CC4C would like to thank and congratulation Girl Scout Troup 30546 for their professional, supportive, and fabulous video about CC4C– and they won an award for it! We are so proud of them and so pleased to have their support.
The 5th grade Girl Scouts of Troop 30546 earned their Bronze Award in Spring 2014. After brainstorming and narrowing ideas, their chosen project was to partner with Community Concern for Cats (CC4C) who’s mission is to help homeless and feral cats and educate the community on the importance of spaying and neutering to control the homeless cat population. The girls interviewed volunteers, assisted CC4C at their booth at a local public event and handed out fliers during cookie sales. This video was made possible with a lot of help from some videographer friends.
Amazing Cat Trapping Tails!
As we enter into summer, the feral moms and kittens emerge in increasing numbers, and CC4C’s year-round humane trapping efforts ramp up.
Our goal: to round up the kittens while they’re young enough to tame, and to spay/neuter the reproducing adults to stop the overpopulation cycle. Trapping is also sometimes necessary to rescue homeless tame cats that that are too frightened and mistrustful to be handled. But the following are unique trapping events, demonstrating some of the extremes involved in trying to catch the hard-to-catch. Enjoy these glimpses of the thrill of victory and the agony of defeat among CC4C’s intrepid trappers.
Every trapping project has its particular difficulties:
- Trapping “stakeouts” in cold, wet weather (prime trapping time is winter).
- Police suspicious of someone sitting in a dark car with binoculars.
- Difficult terrain and unfriendly neighborhoods or neighbors.
But the following are unique trapping events, demonstrating some of the extremes involved in trying to catch the hard-to-catch. Enjoy these glimpses of the thrill of victory and the agony of defeat among CC4C’s intrepid trappers.
CC4C had great fun hosting the CatVidFest last September. Those who braved the heat were rewarded with a spectacularly cute and funny reel of some of the best Internet cat videos on the planet.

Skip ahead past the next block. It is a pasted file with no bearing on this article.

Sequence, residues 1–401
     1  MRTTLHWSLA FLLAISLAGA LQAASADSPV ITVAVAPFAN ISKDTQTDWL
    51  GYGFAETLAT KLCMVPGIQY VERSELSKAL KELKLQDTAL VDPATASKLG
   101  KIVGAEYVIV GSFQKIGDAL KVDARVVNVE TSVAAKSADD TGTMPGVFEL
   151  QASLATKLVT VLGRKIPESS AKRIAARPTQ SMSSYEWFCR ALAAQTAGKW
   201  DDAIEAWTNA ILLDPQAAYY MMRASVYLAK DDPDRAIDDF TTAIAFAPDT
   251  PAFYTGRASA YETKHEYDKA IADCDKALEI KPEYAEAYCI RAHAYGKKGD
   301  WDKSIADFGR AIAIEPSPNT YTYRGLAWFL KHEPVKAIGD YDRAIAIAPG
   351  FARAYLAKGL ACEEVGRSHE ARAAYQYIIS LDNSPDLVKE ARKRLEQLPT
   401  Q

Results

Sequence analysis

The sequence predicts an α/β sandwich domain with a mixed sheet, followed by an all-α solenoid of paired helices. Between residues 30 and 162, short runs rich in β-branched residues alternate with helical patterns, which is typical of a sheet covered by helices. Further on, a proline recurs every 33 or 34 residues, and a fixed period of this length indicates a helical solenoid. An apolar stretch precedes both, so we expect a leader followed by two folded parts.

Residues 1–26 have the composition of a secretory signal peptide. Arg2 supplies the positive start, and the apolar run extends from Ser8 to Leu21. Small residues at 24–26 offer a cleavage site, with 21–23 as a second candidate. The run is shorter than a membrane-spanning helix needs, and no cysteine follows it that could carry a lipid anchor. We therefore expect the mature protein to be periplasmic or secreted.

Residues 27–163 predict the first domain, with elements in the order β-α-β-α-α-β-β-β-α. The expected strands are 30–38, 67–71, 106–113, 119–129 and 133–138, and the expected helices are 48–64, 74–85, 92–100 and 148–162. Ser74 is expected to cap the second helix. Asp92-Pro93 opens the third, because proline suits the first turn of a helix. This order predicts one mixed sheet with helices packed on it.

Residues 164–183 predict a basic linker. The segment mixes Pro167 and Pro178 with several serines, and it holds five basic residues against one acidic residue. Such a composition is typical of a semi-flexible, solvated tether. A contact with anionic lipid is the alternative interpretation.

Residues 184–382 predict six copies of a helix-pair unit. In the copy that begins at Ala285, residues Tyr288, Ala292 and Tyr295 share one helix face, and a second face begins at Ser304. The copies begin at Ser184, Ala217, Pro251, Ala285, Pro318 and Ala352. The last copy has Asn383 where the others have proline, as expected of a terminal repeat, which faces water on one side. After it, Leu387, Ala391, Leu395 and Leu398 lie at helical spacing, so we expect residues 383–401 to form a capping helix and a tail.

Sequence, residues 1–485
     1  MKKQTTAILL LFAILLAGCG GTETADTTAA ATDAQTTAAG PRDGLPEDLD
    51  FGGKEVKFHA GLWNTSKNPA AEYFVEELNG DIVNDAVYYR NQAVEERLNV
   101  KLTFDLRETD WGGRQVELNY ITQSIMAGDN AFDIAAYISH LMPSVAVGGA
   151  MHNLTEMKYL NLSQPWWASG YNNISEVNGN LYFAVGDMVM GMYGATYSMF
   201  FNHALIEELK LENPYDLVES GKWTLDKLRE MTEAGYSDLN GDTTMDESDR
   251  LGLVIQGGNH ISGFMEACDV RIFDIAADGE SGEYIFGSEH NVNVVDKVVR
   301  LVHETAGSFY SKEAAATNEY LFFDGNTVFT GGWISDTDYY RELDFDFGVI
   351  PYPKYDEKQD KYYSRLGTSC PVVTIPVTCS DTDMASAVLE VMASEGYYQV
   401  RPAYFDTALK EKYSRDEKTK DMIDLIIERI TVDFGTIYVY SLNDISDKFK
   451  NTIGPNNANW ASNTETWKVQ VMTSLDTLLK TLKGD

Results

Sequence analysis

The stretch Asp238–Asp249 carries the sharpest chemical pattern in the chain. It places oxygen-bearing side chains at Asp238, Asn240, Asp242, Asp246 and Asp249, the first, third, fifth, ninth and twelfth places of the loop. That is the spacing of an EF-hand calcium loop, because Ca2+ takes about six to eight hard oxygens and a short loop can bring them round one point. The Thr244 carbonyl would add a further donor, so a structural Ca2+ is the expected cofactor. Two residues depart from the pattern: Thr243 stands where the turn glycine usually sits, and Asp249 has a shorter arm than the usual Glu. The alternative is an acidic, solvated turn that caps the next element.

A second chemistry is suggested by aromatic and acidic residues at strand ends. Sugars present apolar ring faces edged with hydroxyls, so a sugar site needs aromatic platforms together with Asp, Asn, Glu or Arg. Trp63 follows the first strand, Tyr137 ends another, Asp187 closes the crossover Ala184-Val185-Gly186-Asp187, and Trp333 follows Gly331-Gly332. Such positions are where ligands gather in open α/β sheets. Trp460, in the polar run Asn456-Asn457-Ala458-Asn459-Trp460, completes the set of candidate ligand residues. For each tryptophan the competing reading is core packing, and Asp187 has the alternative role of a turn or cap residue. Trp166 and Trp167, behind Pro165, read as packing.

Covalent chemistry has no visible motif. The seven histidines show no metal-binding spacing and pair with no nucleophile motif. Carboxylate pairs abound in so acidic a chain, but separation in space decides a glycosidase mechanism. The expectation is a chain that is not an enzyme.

We want to celebrate again this year at a local theater. And we want local talent to make up the reel.
We know they’re out there – those crazy, cute, cuddly or courageous cats that you’ve captured on camera or camera/phone.
LOOK OUT Speilberg and Lucas!
10 EXCITING ENTRY CATEGORIES
- Baby Cuteness
- Krazy Kats
- Smart Kats
- Costumed Cats
- Hanging out in strange places
- Black Cats Rule
- Cats ‘n Kids
- Real Men Love Cats
- Senior Moments
- Videographer under age 12
Please consider creating a video for our contest and making your cat a star. You will need to submit your entry to us following directions that will be available the second week of August.
Please consider which category you wish to enter from those given above and start shooting now. Then check back on our website to find the latest information.
We are really excited to see all the clever videos that we know you are out there making.
And we are looking forward to hosting a viewing night at a local theater tentatively scheduled for mid November.
CC4C completed 170 adoptions including 26 with a qualifying medical conditions and 4 senior cats with medical conditions. The requested amount was $104,000. Thank you, Maddie’s Fund, for your generous sponsorship!
FREE PET ADOPTIONS May 31 AND June 1
Community Concern for Cats Joins Maddie’s® Pet Adoption Days to Find Homes for All Our Cats